Victorian voluntary assisted dying legislation specifically excludes dementia as an eligibility criterium because one must be deemed competent at the time. However, a fundamental objective of this legislation is to allow a person control over their death and relieve unbearable suffering, yet those with dementia are discriminated against. This makes the issue of dementia and access to voluntary assisted dying a highly complex and contentious issue.
Individuals with dementia often encounter problems with communication and are unable to convey the existence and extent of their, often unobserved, pain and anxiety. We must then ask, are the wishes of a once-competent individual to not suffer a prolonged existence in the latter stages of dementia adhered to, or are they ignored because that same individual, now incompetent, no longer exists?
Jane Morris, Glen Iris
Be wary of change
Letters correspondents have written of the sad circumstances of family members dying with dementia. Many families, our own included, have been affected in this way.
The solution implied by your correspondents is to allow such patients access to voluntary assisted dying even if, because of their dementia, they cannot give informed consent. This will require the law to be changed.
We are rightfully wary that changing any law may have unintended consequences. To change this law in the way proposed would mean that the term ″voluntary″ would need to be deleted. In the absence of informed consent of the patient, the decision would be made by other people. To allow a patient’s life to be terminated without their consent, which might occur if the law is relaxed, is not a change we should countenance.
Irwin Faris, Torquay
Nuclear a weak case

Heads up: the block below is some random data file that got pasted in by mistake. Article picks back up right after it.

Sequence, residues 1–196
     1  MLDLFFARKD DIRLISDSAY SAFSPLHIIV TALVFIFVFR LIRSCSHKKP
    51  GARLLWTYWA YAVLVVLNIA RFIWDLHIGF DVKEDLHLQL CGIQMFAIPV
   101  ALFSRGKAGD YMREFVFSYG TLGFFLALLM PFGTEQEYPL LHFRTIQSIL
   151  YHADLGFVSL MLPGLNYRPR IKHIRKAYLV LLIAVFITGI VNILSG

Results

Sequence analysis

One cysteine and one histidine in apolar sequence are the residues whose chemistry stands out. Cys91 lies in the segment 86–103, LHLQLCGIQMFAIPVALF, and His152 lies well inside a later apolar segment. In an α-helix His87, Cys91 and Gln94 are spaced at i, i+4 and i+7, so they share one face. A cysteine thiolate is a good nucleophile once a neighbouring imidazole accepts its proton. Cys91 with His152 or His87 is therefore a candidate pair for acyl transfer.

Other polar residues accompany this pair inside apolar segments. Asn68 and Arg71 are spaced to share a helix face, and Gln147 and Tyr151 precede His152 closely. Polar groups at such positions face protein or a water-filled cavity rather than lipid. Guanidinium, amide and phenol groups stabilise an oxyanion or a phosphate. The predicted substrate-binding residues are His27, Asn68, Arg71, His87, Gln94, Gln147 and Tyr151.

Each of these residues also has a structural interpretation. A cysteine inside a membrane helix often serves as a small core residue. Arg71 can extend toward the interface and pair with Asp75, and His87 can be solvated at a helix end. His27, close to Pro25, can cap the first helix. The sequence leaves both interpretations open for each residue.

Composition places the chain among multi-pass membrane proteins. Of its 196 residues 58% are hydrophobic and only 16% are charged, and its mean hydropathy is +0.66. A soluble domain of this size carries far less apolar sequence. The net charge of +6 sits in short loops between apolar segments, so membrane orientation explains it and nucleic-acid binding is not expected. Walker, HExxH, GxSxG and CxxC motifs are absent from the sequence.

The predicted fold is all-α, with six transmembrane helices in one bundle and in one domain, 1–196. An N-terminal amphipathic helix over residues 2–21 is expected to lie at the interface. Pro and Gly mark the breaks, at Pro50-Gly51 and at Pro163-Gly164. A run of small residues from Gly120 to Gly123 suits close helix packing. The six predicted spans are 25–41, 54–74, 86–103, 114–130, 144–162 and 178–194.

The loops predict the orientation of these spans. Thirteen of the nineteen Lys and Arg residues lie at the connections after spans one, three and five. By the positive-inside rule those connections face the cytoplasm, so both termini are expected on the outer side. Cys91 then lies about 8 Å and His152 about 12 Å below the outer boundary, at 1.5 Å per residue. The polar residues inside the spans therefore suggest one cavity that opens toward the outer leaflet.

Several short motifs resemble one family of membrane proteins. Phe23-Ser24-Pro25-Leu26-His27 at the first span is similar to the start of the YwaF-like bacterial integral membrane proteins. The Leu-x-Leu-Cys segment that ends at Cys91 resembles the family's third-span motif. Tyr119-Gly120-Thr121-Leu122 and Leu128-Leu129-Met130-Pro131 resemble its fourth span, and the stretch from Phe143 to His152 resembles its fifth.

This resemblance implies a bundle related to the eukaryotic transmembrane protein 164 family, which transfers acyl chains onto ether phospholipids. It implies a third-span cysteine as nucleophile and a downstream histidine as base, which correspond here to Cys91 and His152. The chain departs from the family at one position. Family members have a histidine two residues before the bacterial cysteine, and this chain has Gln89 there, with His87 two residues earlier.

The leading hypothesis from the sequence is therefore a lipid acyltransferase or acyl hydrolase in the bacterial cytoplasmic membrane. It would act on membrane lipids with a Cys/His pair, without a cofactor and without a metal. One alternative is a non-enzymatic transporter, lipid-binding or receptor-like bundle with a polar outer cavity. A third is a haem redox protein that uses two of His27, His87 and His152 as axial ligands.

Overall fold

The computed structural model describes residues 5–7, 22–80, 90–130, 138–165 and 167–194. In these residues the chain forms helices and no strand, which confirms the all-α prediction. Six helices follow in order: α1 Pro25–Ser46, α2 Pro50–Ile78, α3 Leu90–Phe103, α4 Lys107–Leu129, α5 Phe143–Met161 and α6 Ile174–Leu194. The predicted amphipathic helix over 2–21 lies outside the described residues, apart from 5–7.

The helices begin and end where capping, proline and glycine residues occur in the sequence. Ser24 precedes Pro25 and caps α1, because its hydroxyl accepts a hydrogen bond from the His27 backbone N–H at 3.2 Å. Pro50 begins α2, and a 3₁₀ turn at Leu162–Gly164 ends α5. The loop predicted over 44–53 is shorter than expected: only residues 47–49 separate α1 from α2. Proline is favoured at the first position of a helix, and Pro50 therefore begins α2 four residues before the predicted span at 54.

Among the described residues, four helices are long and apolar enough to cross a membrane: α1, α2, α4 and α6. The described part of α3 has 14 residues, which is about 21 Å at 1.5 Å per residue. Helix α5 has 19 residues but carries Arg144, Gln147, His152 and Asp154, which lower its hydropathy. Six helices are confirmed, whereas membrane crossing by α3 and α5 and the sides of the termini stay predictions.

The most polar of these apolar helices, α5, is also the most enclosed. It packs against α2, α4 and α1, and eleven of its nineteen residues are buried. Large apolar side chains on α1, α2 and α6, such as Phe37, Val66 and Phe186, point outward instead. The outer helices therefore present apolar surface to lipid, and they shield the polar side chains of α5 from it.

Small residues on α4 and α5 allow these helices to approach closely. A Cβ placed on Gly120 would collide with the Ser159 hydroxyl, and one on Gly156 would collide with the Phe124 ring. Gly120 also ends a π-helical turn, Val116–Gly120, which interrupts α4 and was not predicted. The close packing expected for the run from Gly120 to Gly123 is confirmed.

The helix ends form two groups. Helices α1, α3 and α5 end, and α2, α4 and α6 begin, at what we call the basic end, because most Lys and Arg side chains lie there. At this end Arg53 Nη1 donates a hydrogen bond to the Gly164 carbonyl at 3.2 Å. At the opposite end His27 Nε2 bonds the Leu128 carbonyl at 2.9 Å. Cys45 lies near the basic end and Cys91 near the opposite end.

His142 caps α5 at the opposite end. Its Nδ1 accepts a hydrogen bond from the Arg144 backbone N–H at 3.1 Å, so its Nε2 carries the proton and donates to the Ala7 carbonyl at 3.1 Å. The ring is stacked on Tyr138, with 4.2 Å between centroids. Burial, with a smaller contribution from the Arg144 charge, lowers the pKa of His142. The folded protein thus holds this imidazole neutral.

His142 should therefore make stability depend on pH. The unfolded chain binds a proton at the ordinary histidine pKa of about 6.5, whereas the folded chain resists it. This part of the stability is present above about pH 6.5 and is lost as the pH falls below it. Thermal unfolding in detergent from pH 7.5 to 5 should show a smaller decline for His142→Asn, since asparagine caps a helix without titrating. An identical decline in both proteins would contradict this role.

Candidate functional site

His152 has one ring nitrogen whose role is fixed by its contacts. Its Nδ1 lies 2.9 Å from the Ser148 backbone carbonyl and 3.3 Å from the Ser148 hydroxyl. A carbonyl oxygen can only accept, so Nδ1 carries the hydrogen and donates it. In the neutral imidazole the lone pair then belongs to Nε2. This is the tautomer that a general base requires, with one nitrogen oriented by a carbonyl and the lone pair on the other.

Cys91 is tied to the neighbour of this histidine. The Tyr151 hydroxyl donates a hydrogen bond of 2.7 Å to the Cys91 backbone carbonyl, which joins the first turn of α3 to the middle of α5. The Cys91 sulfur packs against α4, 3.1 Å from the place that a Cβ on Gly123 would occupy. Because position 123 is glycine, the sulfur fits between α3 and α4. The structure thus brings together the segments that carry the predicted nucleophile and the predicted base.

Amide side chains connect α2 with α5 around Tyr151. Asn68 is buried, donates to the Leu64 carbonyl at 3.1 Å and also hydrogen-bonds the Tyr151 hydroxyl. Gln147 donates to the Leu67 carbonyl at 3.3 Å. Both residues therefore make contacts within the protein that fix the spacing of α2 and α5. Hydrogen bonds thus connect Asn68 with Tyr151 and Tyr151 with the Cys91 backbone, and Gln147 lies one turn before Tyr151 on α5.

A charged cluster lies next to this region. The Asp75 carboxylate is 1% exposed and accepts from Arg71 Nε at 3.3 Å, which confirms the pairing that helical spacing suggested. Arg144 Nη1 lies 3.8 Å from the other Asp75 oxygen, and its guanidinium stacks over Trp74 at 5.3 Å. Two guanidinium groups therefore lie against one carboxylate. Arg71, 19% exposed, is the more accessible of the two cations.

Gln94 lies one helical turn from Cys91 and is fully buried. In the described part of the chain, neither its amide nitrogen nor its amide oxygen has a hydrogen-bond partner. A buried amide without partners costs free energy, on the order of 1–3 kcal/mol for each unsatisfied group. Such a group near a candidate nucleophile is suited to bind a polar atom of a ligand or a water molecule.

Peter Dutton, in his budget reply, wants us to at least consider nuclear power, and believes it is a logical step, since we will – some day – acquire nuclear-powered submarines. But the case, if there ever was one, becomes weaker over time.
The Clean Energy Council reports that renewable energy “accounted for 35.9 per cent of Australia’s total electricity generation, up from 32.5 per cent in 2021. That figure has more than doubled since 2017, when renewable energy accounted for just 16.9 per cent of generation”. The International Energy Agency has stated that solar is now the cheapest form of energy in history.
Proponents of the nuclear option would divert resources away from our burgeoning renewables sector; and their nuclear option would take about a decade to build.
We already have the natural resources of sun and wind in abundance. What is needed urgently is a steadfast advocacy and financial support for renewables.
Fiona Colin, Malvern East
Divide and conquer
Over the years, politicians from within the ranks of the Coalition have referred to trade unionists taking legitimate industrial action as “thugs”, the unemployed as “dole bludgers”, refugees as “illegals”, our Indigenous community as having a “black armband” history, and now Peter Dutton wants to demonise migrants for allegedly creating more housing shortages and driving inflation even though the Coalition itself when in government actively encouraged migration as a cheap labour force for businesses and farms across Australia.
Some would call this an appalling record of perpetrating divisive politics.
Phil Alexander, Eltham
Two Liberal MPs have quit the party in Tasmania and now sit on the crossbench as independents, thereby throwing the Liberals into a minority government.
The reason? The deal with the AFL to get an AFL team on the proviso that stadium is built on a prime waterfront site that is unsuited for a footy stadium.
What stunned most Tasmanians was the support from Anthony Albanese. Tasmania just cannot afford it. We have the worst health, education and homelessness scenarios in Australia.
Battery Point, Hobart
Peter Dutton said that Labor had already broken many promises. It seems Dutton has had a memory loss. Was it not John Howard who stated there would be no GST, and Tony Abbott who stated no cuts to the ABC?